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Baron Haussmann became Prefect of the Seine in 1853. The transformations of Paris under the Second Empire, or "Haussmannian works", were a comprehensive modernization of the French capital carried out between 1853 and 1870 by Napoleon III and his prefect.
Until then, Paris had been an unhealthy, labyrinthine and dangerous city. There was no direct way of getting from the south to the north of the capital. The city inherited a medieval and anachronistic urban network. The main problem for the inhabitants was getting around.
The city was in the midst of a crisis of impoverishment and overpopulation, with the poorest social groups crowding into the heart of the capital, raising the risk of epidemics. With the development of hygienism in the mid-19th century, advocating a new approach to the human environment, the regime wanted to clean up and beautify the capital, taking its inspiration from London, which had been transformed by the Industrial Revolution and the Universal Exhibition of 1851. According to the ideas of the time, tall houses and narrow streets prevented air circulation and the evacuation of disease-carrying miasmas and effluents.
The emperor chose a strong man whose mission would be to aerate, beautify and architecturally unify the city. The watchword of the day: "Everything must circulate": air, people, money. The aim was to make Paris a showcase for the Imperial regime, in the name of modernization and progress.
In 20 years, 70 new thoroughfares were created, more than 40,000 buildings constructed, 9 bridges built or widened, 20 parks laid out or planted, such as the Bois de Vincennes and the Bois de Boulogne, which are still the two lungs of the metropolis today.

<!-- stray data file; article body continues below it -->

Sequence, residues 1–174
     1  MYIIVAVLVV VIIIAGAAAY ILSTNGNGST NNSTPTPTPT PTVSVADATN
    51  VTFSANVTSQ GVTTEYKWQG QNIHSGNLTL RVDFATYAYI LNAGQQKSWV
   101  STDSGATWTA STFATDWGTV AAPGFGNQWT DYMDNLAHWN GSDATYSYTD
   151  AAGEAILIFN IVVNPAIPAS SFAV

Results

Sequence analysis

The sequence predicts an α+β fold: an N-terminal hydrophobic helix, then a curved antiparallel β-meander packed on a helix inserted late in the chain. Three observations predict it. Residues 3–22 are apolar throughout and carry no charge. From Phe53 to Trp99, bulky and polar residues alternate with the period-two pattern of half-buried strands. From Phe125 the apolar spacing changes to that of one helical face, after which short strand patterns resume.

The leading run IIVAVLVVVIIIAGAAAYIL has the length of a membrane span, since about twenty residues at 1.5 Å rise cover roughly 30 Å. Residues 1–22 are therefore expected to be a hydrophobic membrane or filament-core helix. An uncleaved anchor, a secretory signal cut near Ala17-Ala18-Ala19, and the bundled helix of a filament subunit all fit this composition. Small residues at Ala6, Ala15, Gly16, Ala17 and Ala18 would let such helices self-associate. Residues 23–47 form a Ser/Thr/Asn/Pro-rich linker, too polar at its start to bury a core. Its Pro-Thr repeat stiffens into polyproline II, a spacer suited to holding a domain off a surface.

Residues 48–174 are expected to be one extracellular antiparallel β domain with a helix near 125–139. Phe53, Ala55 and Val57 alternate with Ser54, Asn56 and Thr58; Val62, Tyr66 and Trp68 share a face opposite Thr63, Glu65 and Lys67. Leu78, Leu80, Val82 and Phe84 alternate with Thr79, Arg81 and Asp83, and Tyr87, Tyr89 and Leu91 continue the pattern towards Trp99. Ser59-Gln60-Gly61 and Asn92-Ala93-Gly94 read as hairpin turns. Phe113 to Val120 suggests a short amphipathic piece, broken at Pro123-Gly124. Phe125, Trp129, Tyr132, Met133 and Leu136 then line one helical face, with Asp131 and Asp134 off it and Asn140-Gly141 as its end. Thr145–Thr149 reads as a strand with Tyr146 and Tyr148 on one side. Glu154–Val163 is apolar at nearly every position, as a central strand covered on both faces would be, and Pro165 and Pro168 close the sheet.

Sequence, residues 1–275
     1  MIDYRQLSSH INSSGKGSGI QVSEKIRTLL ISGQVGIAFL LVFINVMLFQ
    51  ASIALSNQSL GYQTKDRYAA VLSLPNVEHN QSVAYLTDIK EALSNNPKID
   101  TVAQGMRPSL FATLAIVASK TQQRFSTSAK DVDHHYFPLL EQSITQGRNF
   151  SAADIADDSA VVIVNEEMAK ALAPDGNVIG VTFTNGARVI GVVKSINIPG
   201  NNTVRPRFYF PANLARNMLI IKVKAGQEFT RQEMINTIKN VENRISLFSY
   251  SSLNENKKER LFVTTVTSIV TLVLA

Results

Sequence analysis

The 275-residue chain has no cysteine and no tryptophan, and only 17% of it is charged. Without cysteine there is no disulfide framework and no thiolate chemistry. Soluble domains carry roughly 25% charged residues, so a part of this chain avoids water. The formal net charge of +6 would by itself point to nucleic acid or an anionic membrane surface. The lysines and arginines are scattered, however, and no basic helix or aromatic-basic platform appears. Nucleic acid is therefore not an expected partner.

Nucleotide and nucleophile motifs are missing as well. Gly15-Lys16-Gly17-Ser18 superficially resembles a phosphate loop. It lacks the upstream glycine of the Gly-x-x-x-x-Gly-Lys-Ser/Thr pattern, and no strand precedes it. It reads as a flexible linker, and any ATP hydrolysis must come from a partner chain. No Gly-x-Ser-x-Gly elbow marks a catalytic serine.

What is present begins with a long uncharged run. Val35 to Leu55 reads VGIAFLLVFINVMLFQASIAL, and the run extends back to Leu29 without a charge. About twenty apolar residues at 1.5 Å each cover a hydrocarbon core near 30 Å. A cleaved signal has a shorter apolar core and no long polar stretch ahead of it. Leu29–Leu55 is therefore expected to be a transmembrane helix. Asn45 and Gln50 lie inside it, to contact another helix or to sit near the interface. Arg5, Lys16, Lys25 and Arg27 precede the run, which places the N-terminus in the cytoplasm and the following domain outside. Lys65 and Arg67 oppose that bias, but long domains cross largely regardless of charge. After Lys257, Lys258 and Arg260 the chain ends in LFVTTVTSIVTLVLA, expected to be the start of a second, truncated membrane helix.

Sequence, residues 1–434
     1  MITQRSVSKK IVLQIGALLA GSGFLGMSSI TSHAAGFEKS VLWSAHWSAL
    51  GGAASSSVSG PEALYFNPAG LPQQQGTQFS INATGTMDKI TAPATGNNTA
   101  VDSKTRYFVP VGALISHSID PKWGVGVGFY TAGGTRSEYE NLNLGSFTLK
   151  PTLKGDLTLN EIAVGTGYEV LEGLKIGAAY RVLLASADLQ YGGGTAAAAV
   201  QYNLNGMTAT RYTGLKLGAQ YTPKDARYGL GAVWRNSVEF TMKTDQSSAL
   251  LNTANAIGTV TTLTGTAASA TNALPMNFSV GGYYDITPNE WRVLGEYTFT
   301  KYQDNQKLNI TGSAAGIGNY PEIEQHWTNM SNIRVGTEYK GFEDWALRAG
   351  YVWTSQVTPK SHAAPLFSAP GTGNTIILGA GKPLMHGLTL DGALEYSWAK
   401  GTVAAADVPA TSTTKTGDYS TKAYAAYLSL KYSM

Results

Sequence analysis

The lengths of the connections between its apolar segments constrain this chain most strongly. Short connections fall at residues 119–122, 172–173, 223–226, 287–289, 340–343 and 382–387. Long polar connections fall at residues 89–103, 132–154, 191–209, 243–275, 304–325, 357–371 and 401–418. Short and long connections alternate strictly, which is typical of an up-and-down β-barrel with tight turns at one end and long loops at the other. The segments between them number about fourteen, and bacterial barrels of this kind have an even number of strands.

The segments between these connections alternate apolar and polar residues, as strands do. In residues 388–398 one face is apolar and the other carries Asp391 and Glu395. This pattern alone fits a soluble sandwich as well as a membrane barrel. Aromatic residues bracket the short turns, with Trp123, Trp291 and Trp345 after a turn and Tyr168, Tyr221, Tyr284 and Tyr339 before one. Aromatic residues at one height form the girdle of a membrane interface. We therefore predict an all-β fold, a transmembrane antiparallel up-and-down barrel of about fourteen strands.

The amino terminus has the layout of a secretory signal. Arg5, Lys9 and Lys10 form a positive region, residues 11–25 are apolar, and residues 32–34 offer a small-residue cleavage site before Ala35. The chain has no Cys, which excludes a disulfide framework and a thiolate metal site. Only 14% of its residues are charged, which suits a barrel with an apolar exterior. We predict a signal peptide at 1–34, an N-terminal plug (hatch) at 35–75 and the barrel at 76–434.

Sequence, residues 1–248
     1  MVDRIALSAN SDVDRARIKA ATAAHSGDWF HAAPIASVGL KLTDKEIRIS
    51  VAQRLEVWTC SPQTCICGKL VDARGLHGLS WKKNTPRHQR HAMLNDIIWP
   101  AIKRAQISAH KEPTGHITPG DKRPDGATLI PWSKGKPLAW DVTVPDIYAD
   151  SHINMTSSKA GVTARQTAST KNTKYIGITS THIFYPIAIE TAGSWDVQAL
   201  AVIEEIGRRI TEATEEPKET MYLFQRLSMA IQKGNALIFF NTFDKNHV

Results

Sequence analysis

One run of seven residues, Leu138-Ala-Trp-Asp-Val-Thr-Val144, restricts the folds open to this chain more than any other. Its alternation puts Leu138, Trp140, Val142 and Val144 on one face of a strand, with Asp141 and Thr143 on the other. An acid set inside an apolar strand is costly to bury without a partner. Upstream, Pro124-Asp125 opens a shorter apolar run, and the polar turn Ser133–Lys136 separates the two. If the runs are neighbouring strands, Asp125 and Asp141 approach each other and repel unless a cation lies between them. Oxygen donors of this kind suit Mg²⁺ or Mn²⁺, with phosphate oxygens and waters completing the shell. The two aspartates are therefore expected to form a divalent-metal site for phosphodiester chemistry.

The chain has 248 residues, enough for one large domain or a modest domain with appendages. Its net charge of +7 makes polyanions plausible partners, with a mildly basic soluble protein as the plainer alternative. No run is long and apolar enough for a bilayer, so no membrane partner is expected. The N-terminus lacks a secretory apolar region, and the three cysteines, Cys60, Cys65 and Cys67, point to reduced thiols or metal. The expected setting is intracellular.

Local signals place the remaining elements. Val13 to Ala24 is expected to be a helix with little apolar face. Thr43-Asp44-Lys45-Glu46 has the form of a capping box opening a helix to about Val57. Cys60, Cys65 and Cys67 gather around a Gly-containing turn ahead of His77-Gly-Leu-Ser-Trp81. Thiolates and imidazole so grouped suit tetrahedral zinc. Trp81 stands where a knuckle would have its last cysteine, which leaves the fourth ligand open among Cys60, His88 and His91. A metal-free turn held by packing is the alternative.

A model of construction
The exterior facade is the main element of Haussmann architecture: private buildings must respect the same height and the same main front lines to form a homogeneous architectural whole.
Everything must line up: facades, floors, cornices, balconies. Heights were strictly regulated and proportional to the width of the road, never exceeding 6 storeys. Floors were assigned according to social class, providing an insight into the hierarchical order of 19th-century bourgeois Paris:
- The first floor was the level with the highest ceilings, as it was used for commercial purposes. In addition, the second floor, or "entresol", was used to store merchandise,
- The second floor, or noble floor, was the bourgeoisie floor par excellence. Balconies, window surrounds and moldings added character to the décor,
- The third and fourth floors were more classical, with sober window frames,
- The fifth floor featured a balcony, but was only intended for a more modest class,
- The attics, or maids' rooms, and the top floor were used as servants' quarters and apartments.
The creation of new, rectilinear axes in the capital usually culminated in a monumental public building: opera houses, railway stations, bridges, fountains. These axes were also intended to make it impossible to build barricades, while allowing the forces of law-and-order easy access to the hotbeds of revolt to suppress them.
The Napoleon III style
The massive use of cut stone magnified the skills of French stonemasons. Despite their homogeneity, the facades, often decorated with mythological statues, are as numerous as they are varied: caryatids, atlatls, cherubs, fanciful bestiaries and exotic flora and fauna are all part of an eclectic mix. This aesthetic variety gave rise to the Napoleon III style, inspired by Greco-Roman architecture, the Italian and French Renaissance, and the neoclassicism of the 17th and 18th centuries. The Paris Opera or Opéra Garnier (named after its architect) symbolizes the apogee of the Napoleon III style.
The transformations undertaken by the emperor and his baron profoundly altered the appearance of Paris, giving it its current appearance. Although the work was criticized from the outset for its cost and the destruction of older architectural heritage, today we can see the beauty of the Haussmann style that gives Paris its unique charm.
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